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Article précédent Pages 134 - 144

Marta SINCLAIR (2011). Handbook of Intuition Research. Cheltenham : Edward Elgar Pub.


Hardcover : 296 pages Publisher : Edward Elgar Pub (Published September 29, 2011) Language : English ISBN13 : 9781848448889 ISBN10 : 1848448880


Intuition is already a long-standing concern (Agor, 1984 ; Barnard, 1938 ; Simon, 1987) but it is often used as an “umbrella term” (Glöckner & Ebert, Chapter 14 : 161), just as decision-making was in the past. For many years, under the influence of the tradition of heuristics and biases (HB) (Tversky & Kahneman, 1971, in particular), intuitive processes and outcomes have been considered as inefficient mental shortcuts. Then, a relative turn-around for research into intuition currently gives rise to many publications which show a great vivacity in many disciplines. Martha Sinclair’s book (she was Senior Lecturer at the University of Brisbane when it was published) is one effective illustration and comes just at the right moment to draw up a statement in a spirit of “respectful disagree[ment]” (xvi). Research on intuition - and the very definition of the concept - is highly controversial and the entire book illustrates the discordant views to which it gives rise. The work has been written with a clear intention : to lead intuition out of a retrenched area, dealing with sub-scientific processes and outcomes, and to give us fresh knowledge, specifically within and between cognitive psychology and neuroscience research. It discusses not only widely recognized works, but also other, less advanced contributions that prompt further research on the subject. We are left with no certainties once we are done reading, but rather a very stimulating invitation to continue exploring, and in particular in the domain of management, which was one of the very first fields to be concerned with intuition.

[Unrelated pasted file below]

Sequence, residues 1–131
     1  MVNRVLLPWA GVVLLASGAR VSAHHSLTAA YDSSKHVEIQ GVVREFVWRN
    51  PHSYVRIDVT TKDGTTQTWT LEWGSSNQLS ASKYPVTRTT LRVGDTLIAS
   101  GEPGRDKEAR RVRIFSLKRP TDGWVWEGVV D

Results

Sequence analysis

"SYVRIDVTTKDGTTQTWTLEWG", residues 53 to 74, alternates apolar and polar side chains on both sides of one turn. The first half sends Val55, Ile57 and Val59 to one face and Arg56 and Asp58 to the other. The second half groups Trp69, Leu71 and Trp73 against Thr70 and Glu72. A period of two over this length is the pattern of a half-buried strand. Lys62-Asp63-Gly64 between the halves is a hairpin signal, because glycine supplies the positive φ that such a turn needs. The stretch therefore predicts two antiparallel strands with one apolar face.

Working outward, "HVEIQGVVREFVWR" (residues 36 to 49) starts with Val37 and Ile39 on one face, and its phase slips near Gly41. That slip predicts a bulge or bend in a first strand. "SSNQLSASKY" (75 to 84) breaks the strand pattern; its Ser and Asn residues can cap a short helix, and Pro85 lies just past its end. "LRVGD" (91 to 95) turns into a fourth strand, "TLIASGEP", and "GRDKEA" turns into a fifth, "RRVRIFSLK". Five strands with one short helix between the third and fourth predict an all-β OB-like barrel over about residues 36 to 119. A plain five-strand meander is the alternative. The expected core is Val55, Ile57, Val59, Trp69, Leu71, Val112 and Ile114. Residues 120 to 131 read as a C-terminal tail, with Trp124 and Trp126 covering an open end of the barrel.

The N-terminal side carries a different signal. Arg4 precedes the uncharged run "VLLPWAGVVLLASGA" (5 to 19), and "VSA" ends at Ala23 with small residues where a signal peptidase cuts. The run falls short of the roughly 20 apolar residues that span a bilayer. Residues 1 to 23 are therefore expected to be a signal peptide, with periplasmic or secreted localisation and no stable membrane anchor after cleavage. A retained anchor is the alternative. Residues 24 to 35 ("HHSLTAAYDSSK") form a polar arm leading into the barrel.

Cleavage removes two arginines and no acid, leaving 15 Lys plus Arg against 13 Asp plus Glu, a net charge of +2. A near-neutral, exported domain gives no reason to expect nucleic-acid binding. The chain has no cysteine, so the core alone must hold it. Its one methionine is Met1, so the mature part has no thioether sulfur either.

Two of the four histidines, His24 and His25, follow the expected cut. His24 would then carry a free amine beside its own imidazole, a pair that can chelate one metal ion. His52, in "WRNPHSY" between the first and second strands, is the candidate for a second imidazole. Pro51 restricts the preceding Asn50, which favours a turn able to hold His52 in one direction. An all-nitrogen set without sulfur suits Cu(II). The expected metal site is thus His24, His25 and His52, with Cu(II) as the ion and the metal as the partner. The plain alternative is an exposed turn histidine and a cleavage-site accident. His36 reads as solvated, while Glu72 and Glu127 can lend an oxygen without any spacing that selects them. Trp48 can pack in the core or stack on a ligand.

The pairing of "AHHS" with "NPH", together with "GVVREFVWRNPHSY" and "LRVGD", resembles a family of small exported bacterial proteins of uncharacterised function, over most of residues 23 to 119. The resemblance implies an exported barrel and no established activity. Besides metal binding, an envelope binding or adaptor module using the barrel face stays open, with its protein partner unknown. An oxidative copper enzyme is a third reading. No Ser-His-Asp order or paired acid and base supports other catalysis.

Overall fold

The book is made up of five parts and twenty-one chapters. The first part (Conceptualizing Intuition, Chapters 1 to 5) investigates the many different facets of the intuitive processes, and discusses consciousness and affects. The second part (Functions of Intuition, Chapters 6 to 9) shows the links between intuition, on the one hand, and expertise, strategy, entrepreneurship and ethics, on the other. The third part (Intuition in Professional/Occupational Domains, Chapters 10 to 15) shows ‘intuition-in-action’ in various professional fields, including emergency medicine, law, movie sets and teaching. The fourth part (Nonlocal Perspective, Chapters 16 and 17) stretches the concept of intuition to its very limits by analyzing “noetic form and nonlocal intuition”, far from assuming that intuitions are the result of processed information that we already possess or have been in contact with. Finally, the fifth part (Cultivating Intuition, Chapters 18 to 21) militates in favor of the idea that intuition is an available mental resource (mindfulness) and examines its qualities in relation to various activities, with a specific focus on higher education.